Have You Had A Foreclosure That Resulted In Your Receiving A 1099 From The IRS?

Regardless of the circumstances of your foreclosure, you could receive a 1099 from the IRS.

Here are 10 facts the IRS wants you to know about Mortgage Debt Forgiveness.

Normally, debt forgiveness results in taxable income. However, under the Mortgage Forgiveness Debt Relief Act of 2007, you could exclude up to $2 million of debt forgiven on your principal residence.

The limit is $1 million for a married person filing a separate return.

You may exclude debt reduced through mortgage restructuring, as well as mortgage debt forgiven in a foreclosure.

The debt qualifies if it is for buying, building or substantially improving your principal residence and is secured by that residence.

Refinanced debt proceeds used to substantially improve your principal residence also qualify for the exclusion.

Proceeds of refinanced debt used for other purposes such as paying off credit card debt can not qualify for the exclusion.

If you qualify, claim the special exclusion by filling out Form 982, Reduction of Tax Attributes Due to Discharge of Indebtedness, and attach it to your federal income tax return for the tax year in which the qualified debt was forgiven.

Debt forgiven on second homes, rental property, business property, credit cards or car loans do not qualify for the tax relief provision. In some cases, other tax relief provisions such as insolvency are applicable. IRS Form 2 provides more details about these provisions.

If your debt is reduced or eliminated you normally will receive a year-end statement, Form 1099-C, Cancellation of Debt, from your lender. By law, this form must show the amount of debt forgiven and the fair market value of any property foreclosed.

Examine the Form 1099-C carefully. Notify the lender immediately if any of the information shown is incorrect. You should pay particular attention to the amount of debt forgiven in Box 2 as well as the value listed for your home in Box 7. For more information about the Mortgage Forgiveness Debt Relief Act of 2007, visit http://www.irs.gov. A good resource is IRS Publication 4681, Canceled Debts, Foreclosures, Repossession and Abandonment, IRS Codes and Regulations.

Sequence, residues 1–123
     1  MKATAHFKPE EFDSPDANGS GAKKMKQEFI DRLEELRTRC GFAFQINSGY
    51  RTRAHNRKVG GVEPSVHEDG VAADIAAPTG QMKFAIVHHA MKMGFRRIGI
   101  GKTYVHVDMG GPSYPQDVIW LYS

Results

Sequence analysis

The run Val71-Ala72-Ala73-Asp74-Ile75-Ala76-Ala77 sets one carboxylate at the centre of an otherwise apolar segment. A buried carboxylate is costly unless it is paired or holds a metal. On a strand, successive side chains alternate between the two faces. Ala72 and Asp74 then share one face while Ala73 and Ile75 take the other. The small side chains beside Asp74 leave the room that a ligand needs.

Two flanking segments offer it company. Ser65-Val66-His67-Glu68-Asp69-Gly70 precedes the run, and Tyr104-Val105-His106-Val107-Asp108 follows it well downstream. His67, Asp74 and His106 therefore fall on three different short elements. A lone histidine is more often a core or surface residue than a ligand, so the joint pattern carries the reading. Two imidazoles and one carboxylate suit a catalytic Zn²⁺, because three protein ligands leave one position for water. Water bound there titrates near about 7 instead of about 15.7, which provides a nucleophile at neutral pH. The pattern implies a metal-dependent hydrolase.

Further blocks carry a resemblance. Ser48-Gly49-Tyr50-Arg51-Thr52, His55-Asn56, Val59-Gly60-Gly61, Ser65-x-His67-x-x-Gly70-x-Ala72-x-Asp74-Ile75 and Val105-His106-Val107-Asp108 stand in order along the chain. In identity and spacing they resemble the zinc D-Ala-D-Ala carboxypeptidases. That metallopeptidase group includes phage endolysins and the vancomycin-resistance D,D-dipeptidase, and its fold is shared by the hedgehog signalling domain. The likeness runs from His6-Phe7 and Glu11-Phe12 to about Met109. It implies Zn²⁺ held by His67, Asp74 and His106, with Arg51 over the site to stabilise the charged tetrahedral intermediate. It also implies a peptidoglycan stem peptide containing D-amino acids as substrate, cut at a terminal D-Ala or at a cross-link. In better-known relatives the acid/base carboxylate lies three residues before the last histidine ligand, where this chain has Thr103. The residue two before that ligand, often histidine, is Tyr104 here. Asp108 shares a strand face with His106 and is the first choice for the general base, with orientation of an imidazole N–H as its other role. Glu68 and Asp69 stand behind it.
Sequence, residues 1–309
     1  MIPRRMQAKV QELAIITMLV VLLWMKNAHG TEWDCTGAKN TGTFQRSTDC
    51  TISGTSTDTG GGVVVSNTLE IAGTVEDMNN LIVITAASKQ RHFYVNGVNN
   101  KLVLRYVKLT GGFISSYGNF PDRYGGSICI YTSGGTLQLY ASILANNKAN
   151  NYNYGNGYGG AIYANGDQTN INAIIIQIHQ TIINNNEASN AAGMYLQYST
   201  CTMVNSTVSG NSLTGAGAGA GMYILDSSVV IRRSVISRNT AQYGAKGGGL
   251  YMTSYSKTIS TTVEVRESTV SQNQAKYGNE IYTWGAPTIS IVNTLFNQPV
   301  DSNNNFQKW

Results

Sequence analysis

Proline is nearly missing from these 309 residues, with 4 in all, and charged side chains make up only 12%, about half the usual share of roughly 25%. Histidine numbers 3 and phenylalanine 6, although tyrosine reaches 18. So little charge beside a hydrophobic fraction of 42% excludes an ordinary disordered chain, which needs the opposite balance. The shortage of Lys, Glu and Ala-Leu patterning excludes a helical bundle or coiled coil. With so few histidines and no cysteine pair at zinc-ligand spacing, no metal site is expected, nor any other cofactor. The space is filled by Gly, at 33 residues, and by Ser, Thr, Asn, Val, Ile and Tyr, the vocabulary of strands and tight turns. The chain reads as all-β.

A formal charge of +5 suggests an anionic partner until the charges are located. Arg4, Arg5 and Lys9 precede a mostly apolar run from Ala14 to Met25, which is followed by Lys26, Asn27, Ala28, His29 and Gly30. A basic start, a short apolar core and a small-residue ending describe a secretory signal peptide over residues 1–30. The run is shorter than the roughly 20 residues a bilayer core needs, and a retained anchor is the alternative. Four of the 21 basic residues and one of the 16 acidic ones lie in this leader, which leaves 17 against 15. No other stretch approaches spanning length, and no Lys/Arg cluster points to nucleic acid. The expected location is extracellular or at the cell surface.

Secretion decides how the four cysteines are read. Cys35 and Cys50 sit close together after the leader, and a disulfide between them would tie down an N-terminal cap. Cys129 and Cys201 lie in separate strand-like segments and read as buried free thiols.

How does the Mortgage Forgiveness Debt Relief Act work? Under federal law, a financial institution is required to file a Form 1099-C whenever it forgives or cancels a loan balance greater than $600. This may create a tax liability for the debtor because the canceled debt is considered income for tax purposes.

This Debt Relief includes the cancellation of the complete debt. If the mortgage terms were renegotiated, up to $2 million of forgiven debt is eligible for this exclusion ($1 million if married filing separately). The amount of debt forgiven must be reported on Form 982 and be attached to the taxpayer’s tax return.

Be sure to report the canceled/forgiven amount on Form 982, and include that form with your income tax return. Obtaining the services of a competent tax professional is recommended.

A great site for more information about IRS Codes is United States Tax Payers Association website; membership is free.

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